If you're wondering why anyone would want to have a brewery in Gakona with all the hardships that entails, here's the answer. Standing a short distance behind the brewery, I snapped these photos, looking from left to right.
That's the Copper River, by the way. For a view like that, I guess it's worth hauling your brewing water! If you're looking to sample beers from Gakona Brewing, you can find them at Humpy's in Anchorage, the Princess Lodge in Copper Center, the Trapper's Den in Gakona, and select Hacienda Mexican Restaurants.
If you missed my most recent radio show (the broadcast was Saturday, May 29th), you can listen to a recorded version of it at http://kdll.org/programs/drinking-last-frontier. My next show will be broadcast three weeks from today on June 24th at 11 AM. If you've got any suggestions for topics you'd like to see covered, just drop me a line and let me know.
Alaskan Brewing has announced a new beer for its rotating Alaskan Sampler Pack: Alaskan Cream Ale, which is following the Spruce Tip IPA and Gold Creek Ale. Alaskan is inviting people to give feedback on its website about all these beers.
That about it for news this time. I hope to have more local beer news in my next blog, as I won't be on the road for a large part of it! Here are my beer reviews:
Brouwerij 3 Fonteinen's Oude Geuze: I purchased this beer a couple of years ago as a leftover from The Culmination Beer Festival and have had it in my cellar ever since. When I opened it a couple of weeks ago, it poured a clear red-gold in color, but with very little in the way of head, and what there was dissipated rapidly to a collar. This was very unusual, as the style normally has tons of carbonation. The mouthfeel was light. The flavor profile was that of a classic geuze, tart but refreshing, yet missing the crucial element of effervescence due to the lack of carbonation. Perhaps I got a bad bottle, but it was still disappointing after cellaring it for so long. 6% ABV.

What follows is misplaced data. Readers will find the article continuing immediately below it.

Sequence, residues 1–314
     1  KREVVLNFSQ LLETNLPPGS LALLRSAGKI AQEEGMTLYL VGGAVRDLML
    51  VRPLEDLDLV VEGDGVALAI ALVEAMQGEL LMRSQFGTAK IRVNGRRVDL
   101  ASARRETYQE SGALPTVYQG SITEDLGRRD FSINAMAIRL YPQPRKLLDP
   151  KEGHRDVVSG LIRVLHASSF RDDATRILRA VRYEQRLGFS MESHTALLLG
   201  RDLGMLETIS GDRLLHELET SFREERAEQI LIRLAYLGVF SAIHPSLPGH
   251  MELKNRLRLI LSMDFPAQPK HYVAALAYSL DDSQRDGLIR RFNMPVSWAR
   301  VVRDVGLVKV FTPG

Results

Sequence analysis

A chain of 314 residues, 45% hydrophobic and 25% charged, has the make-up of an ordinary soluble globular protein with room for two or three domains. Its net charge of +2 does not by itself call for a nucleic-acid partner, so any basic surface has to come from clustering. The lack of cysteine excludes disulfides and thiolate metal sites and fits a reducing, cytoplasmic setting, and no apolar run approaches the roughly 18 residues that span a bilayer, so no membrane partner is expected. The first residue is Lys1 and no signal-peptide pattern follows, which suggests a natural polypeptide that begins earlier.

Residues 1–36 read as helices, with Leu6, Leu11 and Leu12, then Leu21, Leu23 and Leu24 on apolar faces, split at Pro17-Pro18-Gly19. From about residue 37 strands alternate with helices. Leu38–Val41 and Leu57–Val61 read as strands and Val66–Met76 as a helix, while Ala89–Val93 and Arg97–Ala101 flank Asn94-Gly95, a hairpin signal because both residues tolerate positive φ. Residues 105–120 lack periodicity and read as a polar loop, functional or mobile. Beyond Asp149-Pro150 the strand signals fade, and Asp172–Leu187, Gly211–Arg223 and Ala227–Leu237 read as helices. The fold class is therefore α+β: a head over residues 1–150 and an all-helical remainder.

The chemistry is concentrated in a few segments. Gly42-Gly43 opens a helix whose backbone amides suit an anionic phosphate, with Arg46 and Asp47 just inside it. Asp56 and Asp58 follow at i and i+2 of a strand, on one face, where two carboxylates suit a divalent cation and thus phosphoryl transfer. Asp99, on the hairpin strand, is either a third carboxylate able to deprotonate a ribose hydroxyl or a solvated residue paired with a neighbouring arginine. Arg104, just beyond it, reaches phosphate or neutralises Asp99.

Haines Brewing's Ryepinsky Porter: I sampled this at the brewery. It poured black with a small, cream-colored head that dissipated to a collar. The nose had hints of peppery rye, along with the traditional roasted malts of a porter. Carbonation was good and the mouthfeel was light. On the palate, it was smooth, with lots of chocolate and roasted coffee notes, as well as a bit of pepper from the rye. Unusually, there was a slightly sweet note to the finish. Overall, a delicious porter made even more interesting by the twist of adding rye. 5.4% ABV, 25 IBUs.
Haines Brewing's Motueka New Zeland IPA: According to Paul Wheeler, he discovered this hop while visiting breweries in New Zealand and decided it would make a good IPA. I sampled this one at the brewery as well. It poured a cloudy gold with a nice cream-colored head. The nose had some very nice lemon-lime notes from the Motueka hops. Carbonation was good and the mouthfeel was light. Stylistically, it was closer to a more understated English-style IPA than an in-your-face American IPA. The Motueka hops give it a nice fruit-like flavor without the overwhelming citrus notes you get from some American varieties. Delicious and highly drinkable. 5.7% ABV, 55 IBUs.
Founders Brewing's PC Pils: As I mentioned in my 4/28/2017 blog, Founders Brewing is now distributing in Alaska. On my way home from Haines I stopped at La Bodega and picked up some Dirty Bastard Scotch Ale (reviewed on 6/1/2011) and All Day Session IPA (reviewed on 8/1/2014). In addition, they had a beer I had not yet tried, PC Pils, so I grabbed a six-pack of that as well. It poured a clear gold color with a small white head. The aroma had lots of American hop notes. The mouthfeel was light, and the carbonation was good. The flavor profile was clean and fresh, but the American hops were considerably more assertive in their bitterness than the European noble hops traditionally used in the style. Not a bad beer, but for my tastes, it was really more of an India Pale Lager than a pilsner. 5.5% ABV, 45 IBUs.
That's it for this blog. Get out and enjoy the wonderful summer weather we are having here in Alaska, and be sure to drink lots of good craft beer while you're at it. I'll be back in a couple of weeks with more local beer news and reviews.
Until Next Time, Cheers!